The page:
Written in a popular rather than scholarly style, these biographical sketches of over 70 black American women in the Olympics (from 1932 to the present) highlight their rise to glory despite poverty and personal hardship. The alphabetical entries range from one sentence to 20 pages; the book also contains photos (not seen) and a checklist of results in track and field. This title's reference value is limited without bibliographical references, but its coverage of black Olympians before 1960 gives it considerable interest. Libraries holding the Negro Almanac ( LJ 6/1/90. 5th ed.) and good biographical sources on black American women can skip this title. For sports history and black studies collections.
-Sandra Math, St. John's Univ. Lib., Staten Island, .
Copyright 1992 Reed Business Information, Inc.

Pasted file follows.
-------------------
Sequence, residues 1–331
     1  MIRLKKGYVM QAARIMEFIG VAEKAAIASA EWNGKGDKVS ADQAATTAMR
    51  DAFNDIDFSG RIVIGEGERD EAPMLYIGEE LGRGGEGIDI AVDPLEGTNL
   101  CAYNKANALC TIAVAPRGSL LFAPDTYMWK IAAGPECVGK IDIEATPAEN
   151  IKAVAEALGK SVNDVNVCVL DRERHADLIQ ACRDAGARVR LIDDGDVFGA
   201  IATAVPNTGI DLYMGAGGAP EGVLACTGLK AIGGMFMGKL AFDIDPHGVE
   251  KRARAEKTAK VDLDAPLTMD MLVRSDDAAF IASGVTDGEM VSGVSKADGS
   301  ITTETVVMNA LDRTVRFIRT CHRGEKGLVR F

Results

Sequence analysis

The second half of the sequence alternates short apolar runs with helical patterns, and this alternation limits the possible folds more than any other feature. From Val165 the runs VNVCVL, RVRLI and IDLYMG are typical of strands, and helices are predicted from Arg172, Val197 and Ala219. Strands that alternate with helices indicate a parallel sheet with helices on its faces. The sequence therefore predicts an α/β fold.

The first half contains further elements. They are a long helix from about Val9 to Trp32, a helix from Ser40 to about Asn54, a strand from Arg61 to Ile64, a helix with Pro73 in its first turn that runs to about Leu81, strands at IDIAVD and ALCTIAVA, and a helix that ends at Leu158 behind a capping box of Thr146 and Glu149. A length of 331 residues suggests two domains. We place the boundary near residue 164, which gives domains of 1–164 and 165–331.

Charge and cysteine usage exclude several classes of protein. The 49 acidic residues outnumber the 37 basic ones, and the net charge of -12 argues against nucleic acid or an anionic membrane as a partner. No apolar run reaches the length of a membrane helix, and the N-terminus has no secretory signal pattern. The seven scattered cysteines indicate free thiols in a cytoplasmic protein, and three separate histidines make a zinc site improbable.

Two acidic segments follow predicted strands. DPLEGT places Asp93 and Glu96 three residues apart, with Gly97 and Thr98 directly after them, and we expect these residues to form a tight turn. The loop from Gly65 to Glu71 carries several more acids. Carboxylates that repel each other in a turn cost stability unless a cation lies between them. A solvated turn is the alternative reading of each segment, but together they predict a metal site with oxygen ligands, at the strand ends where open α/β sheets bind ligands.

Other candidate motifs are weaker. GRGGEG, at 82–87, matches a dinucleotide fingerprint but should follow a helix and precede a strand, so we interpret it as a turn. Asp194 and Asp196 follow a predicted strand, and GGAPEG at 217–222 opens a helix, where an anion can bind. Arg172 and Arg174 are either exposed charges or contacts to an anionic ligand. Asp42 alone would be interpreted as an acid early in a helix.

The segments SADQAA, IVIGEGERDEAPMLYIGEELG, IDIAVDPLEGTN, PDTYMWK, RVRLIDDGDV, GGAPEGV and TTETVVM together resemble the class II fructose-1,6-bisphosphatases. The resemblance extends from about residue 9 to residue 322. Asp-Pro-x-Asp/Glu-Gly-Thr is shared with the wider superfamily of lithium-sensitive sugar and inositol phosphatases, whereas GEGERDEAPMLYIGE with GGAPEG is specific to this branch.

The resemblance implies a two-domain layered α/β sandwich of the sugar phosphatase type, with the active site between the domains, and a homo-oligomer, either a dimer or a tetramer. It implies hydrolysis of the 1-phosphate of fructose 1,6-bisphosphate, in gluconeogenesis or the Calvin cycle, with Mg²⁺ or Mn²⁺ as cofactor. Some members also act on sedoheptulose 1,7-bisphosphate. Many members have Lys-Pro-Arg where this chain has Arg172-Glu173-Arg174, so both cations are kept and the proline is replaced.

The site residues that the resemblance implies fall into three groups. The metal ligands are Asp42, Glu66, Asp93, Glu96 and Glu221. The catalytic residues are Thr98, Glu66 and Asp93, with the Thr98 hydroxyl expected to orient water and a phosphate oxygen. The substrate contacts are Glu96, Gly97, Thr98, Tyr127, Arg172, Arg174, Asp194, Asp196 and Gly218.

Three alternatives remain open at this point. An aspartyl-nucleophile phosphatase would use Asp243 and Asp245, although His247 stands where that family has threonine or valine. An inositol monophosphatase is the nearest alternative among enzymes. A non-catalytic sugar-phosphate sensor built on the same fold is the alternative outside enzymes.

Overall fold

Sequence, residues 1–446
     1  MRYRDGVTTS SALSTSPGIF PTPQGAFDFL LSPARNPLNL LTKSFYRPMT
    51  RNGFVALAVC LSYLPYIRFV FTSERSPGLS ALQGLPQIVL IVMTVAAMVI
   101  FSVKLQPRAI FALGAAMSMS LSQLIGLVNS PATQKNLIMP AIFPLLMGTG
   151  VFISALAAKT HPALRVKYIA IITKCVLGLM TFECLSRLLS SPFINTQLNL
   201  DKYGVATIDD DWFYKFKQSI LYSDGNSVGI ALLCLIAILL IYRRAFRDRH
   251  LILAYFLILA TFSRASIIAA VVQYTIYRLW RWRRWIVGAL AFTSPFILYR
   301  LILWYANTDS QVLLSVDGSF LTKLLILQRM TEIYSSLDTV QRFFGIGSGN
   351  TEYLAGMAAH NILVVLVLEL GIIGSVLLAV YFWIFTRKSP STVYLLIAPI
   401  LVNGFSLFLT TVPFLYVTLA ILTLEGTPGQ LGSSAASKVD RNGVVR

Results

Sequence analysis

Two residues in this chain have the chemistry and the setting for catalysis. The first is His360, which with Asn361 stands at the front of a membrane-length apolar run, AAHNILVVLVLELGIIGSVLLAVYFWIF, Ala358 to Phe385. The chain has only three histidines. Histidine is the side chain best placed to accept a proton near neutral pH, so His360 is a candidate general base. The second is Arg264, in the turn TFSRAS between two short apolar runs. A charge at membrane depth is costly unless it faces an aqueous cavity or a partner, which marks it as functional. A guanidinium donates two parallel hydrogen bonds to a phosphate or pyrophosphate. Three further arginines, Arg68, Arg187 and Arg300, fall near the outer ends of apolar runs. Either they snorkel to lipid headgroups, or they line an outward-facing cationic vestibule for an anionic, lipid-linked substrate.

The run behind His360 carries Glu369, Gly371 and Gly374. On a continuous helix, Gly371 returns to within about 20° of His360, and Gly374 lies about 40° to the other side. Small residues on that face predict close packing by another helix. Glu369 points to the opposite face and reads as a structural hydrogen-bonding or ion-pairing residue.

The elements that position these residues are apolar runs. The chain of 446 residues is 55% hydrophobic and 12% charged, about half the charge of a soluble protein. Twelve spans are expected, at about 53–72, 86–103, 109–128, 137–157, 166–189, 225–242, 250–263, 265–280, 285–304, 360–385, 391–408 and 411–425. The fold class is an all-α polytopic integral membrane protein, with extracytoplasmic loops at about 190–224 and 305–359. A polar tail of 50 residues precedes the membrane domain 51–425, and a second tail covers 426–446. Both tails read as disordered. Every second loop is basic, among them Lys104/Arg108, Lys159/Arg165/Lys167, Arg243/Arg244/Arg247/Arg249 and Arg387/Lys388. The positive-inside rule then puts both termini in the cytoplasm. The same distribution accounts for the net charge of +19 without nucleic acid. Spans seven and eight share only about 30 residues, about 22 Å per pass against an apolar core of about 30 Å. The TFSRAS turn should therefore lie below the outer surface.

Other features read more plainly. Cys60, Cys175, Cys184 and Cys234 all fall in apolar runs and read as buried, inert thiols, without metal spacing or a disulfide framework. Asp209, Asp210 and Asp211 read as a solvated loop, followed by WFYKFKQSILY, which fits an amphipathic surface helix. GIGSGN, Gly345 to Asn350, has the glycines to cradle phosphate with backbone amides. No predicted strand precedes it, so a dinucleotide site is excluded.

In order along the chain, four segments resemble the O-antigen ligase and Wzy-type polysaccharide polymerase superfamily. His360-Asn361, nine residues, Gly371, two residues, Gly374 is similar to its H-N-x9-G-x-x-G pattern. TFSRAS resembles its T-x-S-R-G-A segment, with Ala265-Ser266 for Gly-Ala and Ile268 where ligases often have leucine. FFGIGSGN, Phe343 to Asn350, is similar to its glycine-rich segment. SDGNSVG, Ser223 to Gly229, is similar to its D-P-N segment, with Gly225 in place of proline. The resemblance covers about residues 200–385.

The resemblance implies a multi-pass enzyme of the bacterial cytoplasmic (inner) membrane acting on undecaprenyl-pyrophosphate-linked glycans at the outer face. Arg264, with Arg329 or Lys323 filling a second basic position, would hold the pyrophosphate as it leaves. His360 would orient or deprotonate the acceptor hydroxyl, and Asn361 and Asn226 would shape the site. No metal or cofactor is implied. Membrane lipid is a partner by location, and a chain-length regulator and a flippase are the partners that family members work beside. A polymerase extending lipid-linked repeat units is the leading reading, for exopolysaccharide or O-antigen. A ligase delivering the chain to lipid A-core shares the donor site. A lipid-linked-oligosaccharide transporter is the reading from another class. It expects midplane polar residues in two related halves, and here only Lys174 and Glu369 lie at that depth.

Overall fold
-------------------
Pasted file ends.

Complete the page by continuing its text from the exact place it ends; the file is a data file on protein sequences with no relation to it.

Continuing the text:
Modern Drummer called it a "guitar-fed workout," considered a "bristly rock song."   It was also called "thrashing," completed by "whining guitar riffs."  Los Angeles Times applauded its "headbangin' bravado," called a "hard-hitting pop-rock track with great harmonies.".   Time heralded its "restless beats" and "cool lyrical ferocity," thought to be among Jackson's edgier "walks on the wild side."  Anthony Williams of Houston Chronicle applauded it as an "angry, cautionary tale to a boy who thinks he’s got nine lives."  Dave Tianen of The Sentinel called its theme "a radical statement," considered a "blunt challenge to young men to turn away from gang violence."  It was also noted for its "heavy-metal guitar lead," portraying "a street rebel living on the edge."  The Daily Gazette called it "a rocker booming with guitar solos."  David Koen of Phoenix New Times likened it to Joan Jett , saying "Jackson proves how nasty she can really be," calling its guitar riffs "dirty" enough to induce blushing.  iTunes praised its "scorching guitar and fierce feline vocals."  Rachel Devitt of Rhapsody considered it the album's highlight, portraying Jackson as a "rocker chick."  Stereo Review praised it as "rakish" and "strutting," also "underscored by biting blues licks and a driving beat."  It was also thought to be "her most rocking song ever."  Elsewhere, it was declared "rock-edged" and "metal-tinged," featuring "sizzling guitar work," while The Boston Globe stated the song immortalized the superstition that some people already feel towards black cats.